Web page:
Low Vitamin D

I have “Low Vitamin D” (that’s what physicians call it).  Who knew?  So low that I have to take a prescription pill (more on that later) for 12 weeks – one capsule a week – before getting re-tested and perhaps going on over-the-counter supplements.  My reading was “10” (nanograms per milliliter) and I’m told that the level should be over 32.

Well, it turns out that I’m not the only one.  You too, could have Low Vitamin D.  One recent article reports that “low vitamin D levels among adults are fast becoming a growing epidemic and could spell trouble for the future health of the nation…”  If you think that statement a bit dramatic, try this title on for size:  “Low Vitamin D Levels Pose Large Threat to Health; Overall 26 Percent Increased Risk of Death”.  Yikes!

Low Vitamin D seems to be the cause de jour for everything from osteomalacia and osteoporosis to cancer, heart disease, chronic, diffuse pain, depression and other health problems.  Given the dire predictions in the articles referenced above, and the anecdotal evidence of my physician, who tells me that only 5 out of 100 patients in her practice have “normal” levels of vitamin D, I’m surprised we haven’t seen more about this in the so-called mainstream media.  Or have I missed it.

p.s. I can’t end this post without relaying my insurance story for the prescribed vitamin D.  My prescription was for 12 weeks (12 pills), called in to my pharmacy of choice – Pharmaca. (I highly recommend the pharmacists at the Oakland branch.)  When I go to pick up the pills, I am told that my insurance only covers one month at a time – I will have to go back each month to refill the prescription.  No can do.  I’m leaving in two days for Canada for the summer.  My co-pay for the one-month’s worth of pills (4) is $10.  If I used my insurance to pay for the 12 pills a month at a time, it would cost me $30.  Instead, I paid $18.21 for the 12 pills without applying my insurance to the purchase.  For this I pay $507 per month?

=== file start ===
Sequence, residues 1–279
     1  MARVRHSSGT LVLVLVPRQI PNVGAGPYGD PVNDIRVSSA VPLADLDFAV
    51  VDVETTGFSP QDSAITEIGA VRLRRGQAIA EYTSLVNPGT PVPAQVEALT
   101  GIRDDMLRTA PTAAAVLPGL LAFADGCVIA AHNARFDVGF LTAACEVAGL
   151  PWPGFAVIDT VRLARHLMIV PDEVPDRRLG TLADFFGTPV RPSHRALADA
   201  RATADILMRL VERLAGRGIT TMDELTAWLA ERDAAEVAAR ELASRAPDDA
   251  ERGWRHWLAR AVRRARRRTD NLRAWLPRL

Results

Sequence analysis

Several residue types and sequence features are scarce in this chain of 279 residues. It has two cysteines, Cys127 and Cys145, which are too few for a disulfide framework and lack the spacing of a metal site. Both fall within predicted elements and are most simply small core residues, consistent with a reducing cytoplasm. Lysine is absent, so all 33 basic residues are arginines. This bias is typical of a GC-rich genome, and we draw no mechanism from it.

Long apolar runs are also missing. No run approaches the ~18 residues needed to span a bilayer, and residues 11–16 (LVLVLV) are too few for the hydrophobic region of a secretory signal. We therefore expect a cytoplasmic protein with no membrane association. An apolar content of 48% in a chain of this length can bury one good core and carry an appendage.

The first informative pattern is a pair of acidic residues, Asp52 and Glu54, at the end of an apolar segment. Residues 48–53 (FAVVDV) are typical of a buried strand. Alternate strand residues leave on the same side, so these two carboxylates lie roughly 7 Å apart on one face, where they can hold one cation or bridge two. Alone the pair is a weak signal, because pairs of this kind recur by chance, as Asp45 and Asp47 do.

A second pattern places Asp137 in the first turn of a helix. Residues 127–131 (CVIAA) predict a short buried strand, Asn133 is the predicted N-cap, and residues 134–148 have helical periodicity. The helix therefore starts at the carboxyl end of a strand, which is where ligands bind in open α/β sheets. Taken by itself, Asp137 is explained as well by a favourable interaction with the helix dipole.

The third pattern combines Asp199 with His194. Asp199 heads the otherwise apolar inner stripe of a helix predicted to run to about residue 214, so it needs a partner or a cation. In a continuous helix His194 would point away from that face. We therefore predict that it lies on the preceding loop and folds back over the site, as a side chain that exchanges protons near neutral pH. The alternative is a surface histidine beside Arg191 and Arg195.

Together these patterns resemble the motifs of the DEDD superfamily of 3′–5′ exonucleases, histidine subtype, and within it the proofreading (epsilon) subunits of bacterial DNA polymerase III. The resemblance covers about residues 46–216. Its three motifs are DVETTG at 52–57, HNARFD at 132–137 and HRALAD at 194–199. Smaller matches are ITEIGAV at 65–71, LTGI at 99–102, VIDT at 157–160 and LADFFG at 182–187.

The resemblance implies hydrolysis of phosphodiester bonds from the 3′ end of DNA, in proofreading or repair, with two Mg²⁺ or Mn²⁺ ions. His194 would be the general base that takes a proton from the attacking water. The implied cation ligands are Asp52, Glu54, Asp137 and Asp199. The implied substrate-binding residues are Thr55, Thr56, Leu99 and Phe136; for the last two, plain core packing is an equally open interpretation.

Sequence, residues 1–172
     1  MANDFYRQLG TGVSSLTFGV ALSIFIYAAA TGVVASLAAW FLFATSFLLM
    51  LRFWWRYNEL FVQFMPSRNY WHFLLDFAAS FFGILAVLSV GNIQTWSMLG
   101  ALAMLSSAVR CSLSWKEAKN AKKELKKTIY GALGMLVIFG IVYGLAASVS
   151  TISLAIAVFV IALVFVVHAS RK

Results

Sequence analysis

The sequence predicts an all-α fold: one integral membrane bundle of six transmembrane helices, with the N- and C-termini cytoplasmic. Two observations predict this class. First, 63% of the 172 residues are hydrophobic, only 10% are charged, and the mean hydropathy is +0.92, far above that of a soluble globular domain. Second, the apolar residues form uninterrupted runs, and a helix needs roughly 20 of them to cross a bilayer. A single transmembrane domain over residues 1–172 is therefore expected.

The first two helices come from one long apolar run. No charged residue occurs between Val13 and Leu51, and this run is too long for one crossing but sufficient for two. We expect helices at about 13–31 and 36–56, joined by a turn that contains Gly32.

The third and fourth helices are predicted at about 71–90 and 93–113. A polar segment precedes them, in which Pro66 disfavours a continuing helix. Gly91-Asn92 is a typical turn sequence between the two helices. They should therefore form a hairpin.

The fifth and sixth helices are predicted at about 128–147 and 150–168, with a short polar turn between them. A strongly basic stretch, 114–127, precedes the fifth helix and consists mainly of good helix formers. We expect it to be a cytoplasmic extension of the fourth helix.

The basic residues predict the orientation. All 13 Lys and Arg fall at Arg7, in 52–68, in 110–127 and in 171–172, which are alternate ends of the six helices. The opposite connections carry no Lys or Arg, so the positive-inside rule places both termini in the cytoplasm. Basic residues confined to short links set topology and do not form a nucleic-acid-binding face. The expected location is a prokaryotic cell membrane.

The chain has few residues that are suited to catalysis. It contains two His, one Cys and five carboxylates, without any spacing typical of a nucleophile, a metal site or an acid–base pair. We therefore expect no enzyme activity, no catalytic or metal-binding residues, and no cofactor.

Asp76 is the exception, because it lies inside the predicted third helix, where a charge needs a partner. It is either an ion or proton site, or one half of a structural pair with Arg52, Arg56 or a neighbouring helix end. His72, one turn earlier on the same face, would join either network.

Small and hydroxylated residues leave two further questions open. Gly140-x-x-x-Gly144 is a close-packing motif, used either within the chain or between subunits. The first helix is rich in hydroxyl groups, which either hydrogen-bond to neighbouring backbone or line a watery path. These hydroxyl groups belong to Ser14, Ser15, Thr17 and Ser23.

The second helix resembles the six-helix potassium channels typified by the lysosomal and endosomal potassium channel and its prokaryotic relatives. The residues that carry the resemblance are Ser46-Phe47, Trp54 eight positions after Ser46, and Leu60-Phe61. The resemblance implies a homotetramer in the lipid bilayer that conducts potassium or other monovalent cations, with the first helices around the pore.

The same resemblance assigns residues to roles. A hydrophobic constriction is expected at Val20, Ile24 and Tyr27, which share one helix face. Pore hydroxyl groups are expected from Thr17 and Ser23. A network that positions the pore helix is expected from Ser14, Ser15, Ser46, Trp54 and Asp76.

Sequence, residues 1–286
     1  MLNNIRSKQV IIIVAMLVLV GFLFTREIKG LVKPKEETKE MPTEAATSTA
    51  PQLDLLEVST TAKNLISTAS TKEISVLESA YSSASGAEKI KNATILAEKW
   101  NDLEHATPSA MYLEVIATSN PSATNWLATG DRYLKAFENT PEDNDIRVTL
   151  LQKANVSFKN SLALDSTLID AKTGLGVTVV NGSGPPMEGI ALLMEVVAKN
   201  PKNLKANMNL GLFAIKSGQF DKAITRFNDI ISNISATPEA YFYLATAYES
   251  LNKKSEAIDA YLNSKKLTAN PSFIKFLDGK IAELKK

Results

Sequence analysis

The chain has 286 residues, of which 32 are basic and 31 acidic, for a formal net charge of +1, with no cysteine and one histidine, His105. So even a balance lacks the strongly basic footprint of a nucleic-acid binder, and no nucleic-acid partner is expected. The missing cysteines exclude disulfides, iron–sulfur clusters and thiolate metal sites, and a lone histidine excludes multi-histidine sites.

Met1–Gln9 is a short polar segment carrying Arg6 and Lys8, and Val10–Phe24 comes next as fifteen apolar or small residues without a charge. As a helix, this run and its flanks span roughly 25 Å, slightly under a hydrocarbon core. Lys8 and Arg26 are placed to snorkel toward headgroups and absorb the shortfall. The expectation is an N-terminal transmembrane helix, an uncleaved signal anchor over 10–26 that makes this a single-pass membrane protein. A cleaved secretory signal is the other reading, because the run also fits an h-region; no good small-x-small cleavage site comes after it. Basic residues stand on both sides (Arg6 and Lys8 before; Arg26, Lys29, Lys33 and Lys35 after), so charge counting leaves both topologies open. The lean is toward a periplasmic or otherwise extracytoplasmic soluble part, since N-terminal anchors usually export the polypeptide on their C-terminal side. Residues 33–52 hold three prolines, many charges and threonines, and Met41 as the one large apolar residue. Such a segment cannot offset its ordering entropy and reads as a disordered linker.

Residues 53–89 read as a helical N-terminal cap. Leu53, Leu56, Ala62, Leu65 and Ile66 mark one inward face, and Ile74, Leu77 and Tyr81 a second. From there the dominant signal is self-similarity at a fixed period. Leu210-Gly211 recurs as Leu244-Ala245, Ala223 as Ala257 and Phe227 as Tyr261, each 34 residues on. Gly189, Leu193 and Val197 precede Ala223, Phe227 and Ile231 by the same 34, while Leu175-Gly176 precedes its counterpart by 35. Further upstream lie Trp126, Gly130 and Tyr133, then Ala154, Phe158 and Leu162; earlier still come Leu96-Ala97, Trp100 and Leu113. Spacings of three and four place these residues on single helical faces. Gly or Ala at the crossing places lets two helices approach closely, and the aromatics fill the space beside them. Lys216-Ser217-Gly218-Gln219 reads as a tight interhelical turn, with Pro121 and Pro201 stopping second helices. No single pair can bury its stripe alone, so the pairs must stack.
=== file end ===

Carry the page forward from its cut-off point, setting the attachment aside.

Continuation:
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9 Responses to “Low Vitamin D”


  1. 1 Mike Barnes May 20, 2009 at 4:57 pm

    Most now recommend that your level should be >50ngs/ml so you are way deficient. Take a look at http://www.vitaminD3world.com for a good summary of the data. This site also does a good newsletter and is offering free vitamin D for the customers children

  2. 2 yoomilee May 20, 2009 at 5:26 pm

    Thanks for the update Mike. Yes, I did read that the current thinking is that our levels should be higher. Seems to be a timely issue.

  3. 3 Fred Johnston May 20, 2009 at 8:49 pm

    Saw your post about this on Facebook. I was diagnosed with ostiopoenia after having some rather nasty back problems. My doctor and orthopedist couldn’t figure out why, but they refered me to a endocrinologist to do a bunch of tests. Turns out that I had low vitamin D. Now I am on the weekly 50,000 unit dose.

  4. 4 yoomilee May 21, 2009 at 12:44 am

    Yup, that’s the dose I am on. But I haven’t had any other symptoms than what I would attribute to “getting older”…

    Are you getting any better Fred?

    • 5 Fred Johnston May 21, 2009 at 10:15 am

      Well, my back is good (knock on wood), but I’m not sure I can attribute that to the D supplement. I’ve got a follow-up with the endocrinologist soon, so I’ll let you know what she says.

  5. 6 Smita June 9, 2009 at 2:16 pm

    But Yoo-Mi,

    How can you have low vitamin D when you live in India half the year? It’s all sun all the time.

    -s

  6. 7 mike August 17, 2009 at 7:42 pm

    you can get a years supply of vitamin D3 are http://www.vitaminD3world.com for next to nothing and they also have it available in micropills that are very easy to swallow or you can just crunch them up in your mouth as they are so small and tasteless

  7. 8 Health Campus August 31, 2009 at 4:52 pm

    Some good points raised in that post. Will be back to check for more.

    Cheers

  8. 9 rahul November 9, 2009 at 7:25 am

    Super late to the conversation, BUT-
    lactose-intolerance could make you deficient since you lose what is provided by (fortified) milk, and I’ve heard that even moderate soy consumption reduces your body’s capacity to absorb vitamin D. Given that Monsanto pretty much owns soy and its now in almost everything, I’m less surprised that only 5/100 Americans has the correct amount.


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